In the process their meanings were also changed so, for example, old gods and goddesses were, literally, demonised and were viewed as mere devils , subjugated to the Abrahamic God.

Many of the masks and characters used in European festivals belong to the contrasting categories of the 'good', or 'idealised beauty', set against the 'ugly' or 'beastly' and grotesque.

This is particularly true of the Germanic and Central European festivals. Another common type is the Fool , sometimes considered to be the synthesis of the two contrasting type of Handsome and Ugly.

The oldest representations of masks are animal masks, such as the cave paintings of Lascaux in the Dordogne in southern France. Such masks survive in the alpine regions of Austria and Switzerland, and may be connected with hunting or shamanism , and tend to be particularly associated with the New Year and Carnival festivals.

The debate about the meaning of these and other mask forms continues in Europe, where monsters , bears , wild men , harlequins , hobby horses , and other fanciful characters appear in carnivals throughout the continent.

It is generally accepted that the masks, noise, colour and clamour are meant to drive away the forces of darkness and winter, and open the way for the spirits of light and the coming of spring.

Another tradition of European masks developed, more self-consciously, from court and civic events, or entertainments managed by guilds and co-fraternities.

These grew out of the earlier revels and had become evident by the 15th century in places like Rome, and Venice , where they developed as entertainments to enliven towns and cities.

Thus the Maundy Thursday carnival in St Marks Square in Venice, attended by the Doge and aristocracy also involved the guilds, including a guild of maskmakers.

By the 18th century, it was already a tourist attraction, Goethe saying that he was ugly enough not to need a mask.

The carnival was repressed during the Napoleonic Republic, although in the s its costumes and the masks aping the C 18th heyday were revived.

During the Reformation, many of these carnival customs began to die out in Protestant regions, although they seem to have survived in Catholic areas despite the opposition of the ecclesiastical authorities.

So by the 19th century, the carnivals of the relatively wealthy bourgeois town communities, with elaborate masques and costumes, existed side by side with the ragged and essentially folkloric customs of the rural areas.

In the beginning of the new century, on 19 August , the Bulgarian archeologist Georgi Kitov discovered a g gold mask in the burial mound "Svetitsata" near Shipka , Central Bulgaria.

It is a very fine piece of workmanship made out of massive 23 karat gold. Unlike other masks discovered in the Balkans of which 3 are in Republic of Macedonia and two in Greece , it is now kept in the National Archaeological Museum in Sofia.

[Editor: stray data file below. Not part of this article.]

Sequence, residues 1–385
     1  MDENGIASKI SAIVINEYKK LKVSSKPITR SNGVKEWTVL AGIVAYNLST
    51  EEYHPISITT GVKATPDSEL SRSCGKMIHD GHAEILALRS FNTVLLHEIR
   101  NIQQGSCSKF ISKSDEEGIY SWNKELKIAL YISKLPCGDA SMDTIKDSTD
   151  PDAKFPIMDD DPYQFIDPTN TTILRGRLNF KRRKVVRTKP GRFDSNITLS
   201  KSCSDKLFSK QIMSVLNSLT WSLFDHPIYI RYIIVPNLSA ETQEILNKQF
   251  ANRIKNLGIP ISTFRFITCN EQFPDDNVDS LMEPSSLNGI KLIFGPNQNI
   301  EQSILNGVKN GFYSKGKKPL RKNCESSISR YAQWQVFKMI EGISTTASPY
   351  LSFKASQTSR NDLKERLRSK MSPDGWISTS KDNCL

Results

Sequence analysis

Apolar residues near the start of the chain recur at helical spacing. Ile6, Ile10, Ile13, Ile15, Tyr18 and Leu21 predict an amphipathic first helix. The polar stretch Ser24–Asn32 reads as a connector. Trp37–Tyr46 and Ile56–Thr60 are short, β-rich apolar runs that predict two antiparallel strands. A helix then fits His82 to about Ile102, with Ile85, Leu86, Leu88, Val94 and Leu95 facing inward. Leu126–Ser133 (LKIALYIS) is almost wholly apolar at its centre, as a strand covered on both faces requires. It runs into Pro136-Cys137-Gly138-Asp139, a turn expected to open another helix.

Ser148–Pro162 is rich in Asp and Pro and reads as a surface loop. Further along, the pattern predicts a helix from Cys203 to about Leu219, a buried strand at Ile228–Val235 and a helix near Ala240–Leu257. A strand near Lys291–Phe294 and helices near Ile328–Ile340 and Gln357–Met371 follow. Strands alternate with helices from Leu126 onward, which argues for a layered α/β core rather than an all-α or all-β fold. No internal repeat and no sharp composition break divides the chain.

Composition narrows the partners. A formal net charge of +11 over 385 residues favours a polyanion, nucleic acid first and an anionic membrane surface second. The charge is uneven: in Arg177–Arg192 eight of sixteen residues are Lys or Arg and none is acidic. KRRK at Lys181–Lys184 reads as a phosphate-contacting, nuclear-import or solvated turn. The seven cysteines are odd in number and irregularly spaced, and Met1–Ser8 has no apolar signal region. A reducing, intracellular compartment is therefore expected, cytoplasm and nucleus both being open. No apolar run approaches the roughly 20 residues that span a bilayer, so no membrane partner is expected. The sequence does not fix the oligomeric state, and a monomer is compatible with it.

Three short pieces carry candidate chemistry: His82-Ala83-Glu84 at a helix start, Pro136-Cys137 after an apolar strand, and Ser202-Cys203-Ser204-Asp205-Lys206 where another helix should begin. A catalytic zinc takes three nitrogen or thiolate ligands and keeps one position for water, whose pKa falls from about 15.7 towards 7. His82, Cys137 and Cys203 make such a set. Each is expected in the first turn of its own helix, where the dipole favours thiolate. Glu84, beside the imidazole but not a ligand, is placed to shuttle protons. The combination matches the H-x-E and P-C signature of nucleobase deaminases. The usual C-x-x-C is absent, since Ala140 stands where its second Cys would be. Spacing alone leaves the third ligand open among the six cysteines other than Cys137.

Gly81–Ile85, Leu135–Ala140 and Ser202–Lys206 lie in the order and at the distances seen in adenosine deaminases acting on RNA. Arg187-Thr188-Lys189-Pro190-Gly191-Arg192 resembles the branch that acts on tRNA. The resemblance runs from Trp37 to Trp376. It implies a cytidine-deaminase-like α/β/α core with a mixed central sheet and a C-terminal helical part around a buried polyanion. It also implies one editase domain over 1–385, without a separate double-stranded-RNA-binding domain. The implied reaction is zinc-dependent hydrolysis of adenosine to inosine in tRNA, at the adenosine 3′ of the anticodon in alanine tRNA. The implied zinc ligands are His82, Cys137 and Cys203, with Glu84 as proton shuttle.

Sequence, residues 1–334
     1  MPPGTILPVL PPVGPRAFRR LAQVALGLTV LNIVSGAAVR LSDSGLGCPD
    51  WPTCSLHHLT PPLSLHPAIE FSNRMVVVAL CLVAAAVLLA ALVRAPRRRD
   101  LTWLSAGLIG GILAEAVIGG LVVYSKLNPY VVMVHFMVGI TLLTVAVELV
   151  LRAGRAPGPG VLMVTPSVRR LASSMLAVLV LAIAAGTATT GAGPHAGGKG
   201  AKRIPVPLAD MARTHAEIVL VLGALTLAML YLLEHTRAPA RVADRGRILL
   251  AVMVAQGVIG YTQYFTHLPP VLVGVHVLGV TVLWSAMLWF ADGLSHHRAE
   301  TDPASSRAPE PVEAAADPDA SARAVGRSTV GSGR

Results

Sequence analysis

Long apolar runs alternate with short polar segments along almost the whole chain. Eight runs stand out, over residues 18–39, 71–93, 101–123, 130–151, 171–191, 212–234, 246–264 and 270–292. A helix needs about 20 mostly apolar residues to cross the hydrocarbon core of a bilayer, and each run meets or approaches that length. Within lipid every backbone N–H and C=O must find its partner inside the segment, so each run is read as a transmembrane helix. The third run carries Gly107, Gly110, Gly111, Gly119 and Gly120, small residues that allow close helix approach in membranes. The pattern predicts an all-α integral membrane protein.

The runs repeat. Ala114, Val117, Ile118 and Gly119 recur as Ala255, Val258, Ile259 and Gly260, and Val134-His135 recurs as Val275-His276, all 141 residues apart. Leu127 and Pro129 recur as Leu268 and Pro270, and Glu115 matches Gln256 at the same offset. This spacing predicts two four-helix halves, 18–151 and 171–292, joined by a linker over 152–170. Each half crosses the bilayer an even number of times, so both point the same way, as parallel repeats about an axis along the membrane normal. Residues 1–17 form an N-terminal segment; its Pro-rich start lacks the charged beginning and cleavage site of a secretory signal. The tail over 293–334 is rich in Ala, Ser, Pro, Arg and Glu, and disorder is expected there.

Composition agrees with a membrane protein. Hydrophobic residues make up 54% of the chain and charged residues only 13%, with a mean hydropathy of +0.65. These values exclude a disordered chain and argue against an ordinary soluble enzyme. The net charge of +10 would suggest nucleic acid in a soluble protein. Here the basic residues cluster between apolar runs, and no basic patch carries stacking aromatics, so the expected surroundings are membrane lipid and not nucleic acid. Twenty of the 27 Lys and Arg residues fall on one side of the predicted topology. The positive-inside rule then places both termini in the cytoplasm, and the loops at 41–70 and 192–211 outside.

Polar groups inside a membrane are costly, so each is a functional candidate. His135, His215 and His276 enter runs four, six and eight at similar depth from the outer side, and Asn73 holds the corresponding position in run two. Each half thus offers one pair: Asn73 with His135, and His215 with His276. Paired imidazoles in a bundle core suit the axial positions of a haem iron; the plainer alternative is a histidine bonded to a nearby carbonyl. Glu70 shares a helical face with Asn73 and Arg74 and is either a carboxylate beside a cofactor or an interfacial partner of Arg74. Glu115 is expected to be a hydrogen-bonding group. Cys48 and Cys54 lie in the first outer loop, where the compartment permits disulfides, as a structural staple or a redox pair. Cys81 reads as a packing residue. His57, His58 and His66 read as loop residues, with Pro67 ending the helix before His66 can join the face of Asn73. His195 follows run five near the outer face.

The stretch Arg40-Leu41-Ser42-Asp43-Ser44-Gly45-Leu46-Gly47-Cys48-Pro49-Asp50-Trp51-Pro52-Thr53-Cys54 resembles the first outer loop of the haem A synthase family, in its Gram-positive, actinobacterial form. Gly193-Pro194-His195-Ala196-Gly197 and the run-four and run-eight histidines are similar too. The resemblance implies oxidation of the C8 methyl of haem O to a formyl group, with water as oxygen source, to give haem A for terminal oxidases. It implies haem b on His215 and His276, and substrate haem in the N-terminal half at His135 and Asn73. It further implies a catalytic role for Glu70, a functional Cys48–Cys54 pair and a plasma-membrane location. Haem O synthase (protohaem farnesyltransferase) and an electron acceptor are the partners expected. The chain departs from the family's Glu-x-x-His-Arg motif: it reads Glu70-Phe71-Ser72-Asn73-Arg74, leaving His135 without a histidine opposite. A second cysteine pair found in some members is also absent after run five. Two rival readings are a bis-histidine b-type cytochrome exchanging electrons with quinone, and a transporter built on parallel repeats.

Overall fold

It is considered to be the mask of a Thracian king, presumably Teres. Masks play a key part within world theatre traditions, particularly non-western theatre forms.

They also continue to be a vital force within contemporary theatre, and their usage takes a variety of forms.

In many cultural traditions, the masked performer is a central concept and is highly valued.

In the western tradition, actors in Ancient Greek theatre wore masks, as they do in traditional Japanese Noh drama. In some Greek masks, the wide and open mouth of the mask contained a brass megaphone enabling the voice of the wearer to be projected into the large auditoria.

In medieval Europe, masks were used in mystery and miracle plays to portray allegorical creatures, and the performer representing God frequently wore a gold or gilt mask.

During the Renaissance , masques and ballet de cour developed — courtly masked entertainments that continued as part of ballet conventions until the late eighteenth century.

The masked characters of the Commedia dell'arte included the ancestors of the modern clown. In contemporary western theatre, the mask is often used alongside puppetry to create a theatre which is essentially visual rather than verbal, and many of its practitioners have been visual artists.

Masks are an important part of many theatre forms throughout world cultures, and their usage in theatre has often developed from, or continues to be part of old, highly sophisticated, stylized theatrical traditions.

Masks and puppets were often incorporated into the theatre work of European avant-garde artists from the turn of the nineteenth century.

Alfred Jarry , Pablo Picasso , Oskar Schlemmer , and other artists of the Bauhaus School, as well as surrealists and Dadaists , experimented with theatre forms and masks in their work.

In the 20th century, many theatre practitioners, such as Meyerhold , Edward Gordon Craig , Jacques Copeau , and others in their lineage, attempted to move away from Naturalism.

They turned to sources such as Oriental Theatre particularly Japanese Noh theatre and commedia dell'arte , [43] both of which forms feature masks prominently.

Edward Gordon Craig — in A Note on Masks proposed the virtues of using masks over the naturalism of the actor.